Nonequilibrium polarity-induced chemotaxis: Emergent Galilean symmetry and exact scaling exponents

Published in Phys. Rev. Research, 2021


A generically observed mechanism that drives the self-organization of living systems is interaction via chemical signals among the individual elements—which may represent cells, bacteria, or even enzymes. Here we propose an unconventional mechanism for such interactions, in the context of chemotaxis, which originates from the polarity of the particles and which generalizes the well-known Keller-Segel interaction term. We study the resulting large-scale dynamical properties of a system of such chemotactic particles using the exact stochastic formulation of Dean and Kawasaki along with dynamical renormalization group analysis of the critical state of the system. At this critical point, an emergent “Galilean” symmetry is identified, which allows us to obtain the dynamical scaling exponents exactly. These exponents reveal superdiffusive density fluctuations and non-Poissonian number fluctuations. We expect our results to shed light on how molecular regulation of chemotactic circuits can determine large-scale behavior of cell colonies and tissues.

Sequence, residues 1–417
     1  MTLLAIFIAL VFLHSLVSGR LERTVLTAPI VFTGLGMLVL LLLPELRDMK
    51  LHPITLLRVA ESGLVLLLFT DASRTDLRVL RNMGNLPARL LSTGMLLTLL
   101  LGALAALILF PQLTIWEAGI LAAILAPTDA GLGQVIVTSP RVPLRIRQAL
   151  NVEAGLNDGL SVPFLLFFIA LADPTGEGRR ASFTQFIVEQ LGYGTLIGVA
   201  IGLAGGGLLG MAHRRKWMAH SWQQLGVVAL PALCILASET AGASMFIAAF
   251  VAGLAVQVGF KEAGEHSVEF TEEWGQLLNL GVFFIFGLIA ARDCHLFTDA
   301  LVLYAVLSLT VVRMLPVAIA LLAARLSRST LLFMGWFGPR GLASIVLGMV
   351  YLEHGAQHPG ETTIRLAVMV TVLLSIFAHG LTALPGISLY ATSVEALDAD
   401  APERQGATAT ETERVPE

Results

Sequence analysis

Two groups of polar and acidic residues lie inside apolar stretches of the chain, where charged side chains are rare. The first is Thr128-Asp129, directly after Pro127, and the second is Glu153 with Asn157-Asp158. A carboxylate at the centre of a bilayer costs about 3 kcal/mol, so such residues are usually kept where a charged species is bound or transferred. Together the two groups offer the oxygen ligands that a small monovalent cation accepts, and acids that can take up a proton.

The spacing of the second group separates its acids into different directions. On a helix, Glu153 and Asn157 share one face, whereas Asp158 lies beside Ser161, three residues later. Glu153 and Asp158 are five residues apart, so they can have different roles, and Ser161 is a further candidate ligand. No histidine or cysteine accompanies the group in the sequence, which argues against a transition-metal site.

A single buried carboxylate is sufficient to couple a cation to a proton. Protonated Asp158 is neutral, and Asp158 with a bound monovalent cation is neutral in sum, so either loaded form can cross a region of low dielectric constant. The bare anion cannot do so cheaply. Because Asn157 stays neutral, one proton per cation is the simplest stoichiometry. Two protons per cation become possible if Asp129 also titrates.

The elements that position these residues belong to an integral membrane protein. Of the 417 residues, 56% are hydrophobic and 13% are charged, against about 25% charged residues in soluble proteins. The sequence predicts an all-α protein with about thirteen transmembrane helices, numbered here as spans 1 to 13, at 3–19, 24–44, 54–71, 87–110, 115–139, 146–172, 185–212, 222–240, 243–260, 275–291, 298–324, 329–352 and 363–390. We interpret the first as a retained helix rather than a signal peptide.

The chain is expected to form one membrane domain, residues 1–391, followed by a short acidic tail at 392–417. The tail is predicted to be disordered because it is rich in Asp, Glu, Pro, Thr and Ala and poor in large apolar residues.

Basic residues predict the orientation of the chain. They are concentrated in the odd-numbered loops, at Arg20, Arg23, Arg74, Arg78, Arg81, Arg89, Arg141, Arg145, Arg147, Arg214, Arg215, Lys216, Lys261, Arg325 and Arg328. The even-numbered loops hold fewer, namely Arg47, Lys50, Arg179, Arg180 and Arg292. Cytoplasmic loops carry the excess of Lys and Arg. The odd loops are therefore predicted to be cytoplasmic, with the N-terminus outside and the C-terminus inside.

Recommended citation: "Nonequilibrium polarity-induced chemotaxis: Emergent Galilean symmetry and exact scaling exponents", S. Mahdisoltani, R. Ben Alì Zinati, C. Duclut, A. Gambassi, and R. Golestanian, Phys. Rev. Research 3, 013100 (2021).

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